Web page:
Didcot has a population of more than 25,000.[1] The new town centre, the Orchard Centre, was opened in August 2005.[19] As part of the Science Vale Enterprise Zone, Didcot is surrounded by one of the largest scientific clusters in the United Kingdom. There are a number of major science and technology campuses nearby, including the Culham Science Centre, Harwell Science and Innovation Campus, and Milton Park.[20] The Diamond Light Source synchrotron, based at the Harwell Campus, is the largest UK-funded scientific facility to be built for more than 30 years.[21]

Didcot has been designated as one of the three major growth areas in Oxfordshire; the Ladygrove development, to the north and east of the railway line on the former marshland, is set to double the number of homes in the town since construction began in the late 1980s. Originally, the Ladygrove development was planned to be complete by 2001, but the plans for the final section to the east of Abingdon Road were only announced in 2006.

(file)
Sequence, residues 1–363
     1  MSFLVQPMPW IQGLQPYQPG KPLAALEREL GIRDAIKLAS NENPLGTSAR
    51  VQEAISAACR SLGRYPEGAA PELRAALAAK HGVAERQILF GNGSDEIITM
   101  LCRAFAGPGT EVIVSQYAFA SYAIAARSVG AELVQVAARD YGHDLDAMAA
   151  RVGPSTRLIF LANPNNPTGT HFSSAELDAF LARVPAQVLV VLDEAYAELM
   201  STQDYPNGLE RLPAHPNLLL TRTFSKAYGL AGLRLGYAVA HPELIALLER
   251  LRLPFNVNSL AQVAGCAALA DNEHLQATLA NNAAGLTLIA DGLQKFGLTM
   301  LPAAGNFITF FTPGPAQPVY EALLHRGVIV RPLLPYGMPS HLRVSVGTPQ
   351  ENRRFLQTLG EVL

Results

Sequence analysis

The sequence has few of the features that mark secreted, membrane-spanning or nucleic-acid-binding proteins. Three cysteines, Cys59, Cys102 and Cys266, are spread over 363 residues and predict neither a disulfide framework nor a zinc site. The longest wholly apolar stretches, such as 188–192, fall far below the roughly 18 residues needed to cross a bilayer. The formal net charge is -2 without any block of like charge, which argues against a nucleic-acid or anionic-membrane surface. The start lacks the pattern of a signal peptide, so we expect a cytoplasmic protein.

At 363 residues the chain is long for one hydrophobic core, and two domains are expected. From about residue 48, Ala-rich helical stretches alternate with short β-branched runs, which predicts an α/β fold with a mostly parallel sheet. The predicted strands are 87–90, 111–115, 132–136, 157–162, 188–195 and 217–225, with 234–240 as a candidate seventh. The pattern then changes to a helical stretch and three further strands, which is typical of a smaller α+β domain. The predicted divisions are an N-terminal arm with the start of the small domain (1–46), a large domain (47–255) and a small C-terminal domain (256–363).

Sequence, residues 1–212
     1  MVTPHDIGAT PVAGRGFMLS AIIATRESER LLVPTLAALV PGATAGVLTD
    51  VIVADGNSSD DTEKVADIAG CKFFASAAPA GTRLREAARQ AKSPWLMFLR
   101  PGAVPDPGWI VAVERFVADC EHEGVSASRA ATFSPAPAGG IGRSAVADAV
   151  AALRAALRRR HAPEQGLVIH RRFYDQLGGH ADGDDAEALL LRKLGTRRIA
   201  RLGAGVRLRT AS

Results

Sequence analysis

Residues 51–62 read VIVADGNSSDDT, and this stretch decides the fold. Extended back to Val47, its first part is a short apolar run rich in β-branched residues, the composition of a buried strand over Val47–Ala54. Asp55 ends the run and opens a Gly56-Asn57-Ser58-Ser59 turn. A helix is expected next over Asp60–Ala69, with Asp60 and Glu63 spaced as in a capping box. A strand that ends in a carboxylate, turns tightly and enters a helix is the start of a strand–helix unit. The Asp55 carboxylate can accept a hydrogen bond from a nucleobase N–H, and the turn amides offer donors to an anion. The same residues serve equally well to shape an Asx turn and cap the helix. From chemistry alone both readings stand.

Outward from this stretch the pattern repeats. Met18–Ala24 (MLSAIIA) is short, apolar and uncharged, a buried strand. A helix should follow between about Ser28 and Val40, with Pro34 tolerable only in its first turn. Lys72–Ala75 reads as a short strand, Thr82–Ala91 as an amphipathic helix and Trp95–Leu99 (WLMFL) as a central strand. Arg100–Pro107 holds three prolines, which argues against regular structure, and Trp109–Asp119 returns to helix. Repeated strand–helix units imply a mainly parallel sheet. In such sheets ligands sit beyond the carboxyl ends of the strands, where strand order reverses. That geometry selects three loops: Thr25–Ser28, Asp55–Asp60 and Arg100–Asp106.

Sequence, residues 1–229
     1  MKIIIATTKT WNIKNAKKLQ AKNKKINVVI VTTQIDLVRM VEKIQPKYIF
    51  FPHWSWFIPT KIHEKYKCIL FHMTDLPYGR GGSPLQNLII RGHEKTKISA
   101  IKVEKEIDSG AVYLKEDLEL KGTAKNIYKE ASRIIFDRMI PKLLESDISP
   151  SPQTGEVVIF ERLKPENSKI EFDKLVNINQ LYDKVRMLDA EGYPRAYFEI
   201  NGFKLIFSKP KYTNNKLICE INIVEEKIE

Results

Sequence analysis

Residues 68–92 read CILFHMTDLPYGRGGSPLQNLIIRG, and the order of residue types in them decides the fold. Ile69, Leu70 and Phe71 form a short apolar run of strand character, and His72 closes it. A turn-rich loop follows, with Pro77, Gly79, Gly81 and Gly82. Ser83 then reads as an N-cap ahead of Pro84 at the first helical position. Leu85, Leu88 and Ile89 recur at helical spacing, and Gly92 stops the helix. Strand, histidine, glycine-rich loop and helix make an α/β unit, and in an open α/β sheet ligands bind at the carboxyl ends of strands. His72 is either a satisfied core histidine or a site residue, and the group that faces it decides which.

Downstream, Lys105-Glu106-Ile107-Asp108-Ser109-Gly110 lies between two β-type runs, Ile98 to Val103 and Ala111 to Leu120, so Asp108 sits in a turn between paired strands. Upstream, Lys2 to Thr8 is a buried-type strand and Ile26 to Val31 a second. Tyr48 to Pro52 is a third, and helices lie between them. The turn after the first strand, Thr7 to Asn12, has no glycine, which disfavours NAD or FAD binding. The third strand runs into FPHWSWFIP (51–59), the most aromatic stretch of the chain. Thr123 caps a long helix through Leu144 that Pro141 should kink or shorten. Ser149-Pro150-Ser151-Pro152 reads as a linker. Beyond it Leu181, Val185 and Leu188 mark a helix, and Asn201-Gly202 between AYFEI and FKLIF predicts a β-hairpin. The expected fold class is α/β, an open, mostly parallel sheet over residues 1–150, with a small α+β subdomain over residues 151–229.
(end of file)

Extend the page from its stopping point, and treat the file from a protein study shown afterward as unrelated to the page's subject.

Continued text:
A Thames Travel bus on route 98 on Greenwood Way in the new Great Western Park estate

Before the Ladygrove development was completed, a prolonged and contentious planning enquiry decided that a 3,200-home development would be built to the west of the town, partly overlapping the boundary with the Vale of White Horse.[22] This is now being built as Great Western Park.

In 2008 a new £8 million arts and entertainment centre, Cornerstone, was opened in the Orchard Centre. It has exhibition and studio spaces, a café and a 236-seat auditorium. Designed by Ellis William Architects, the centre is clad with silvered aluminium panels and has a window wall, used to connect the building with passing shoppers.[23]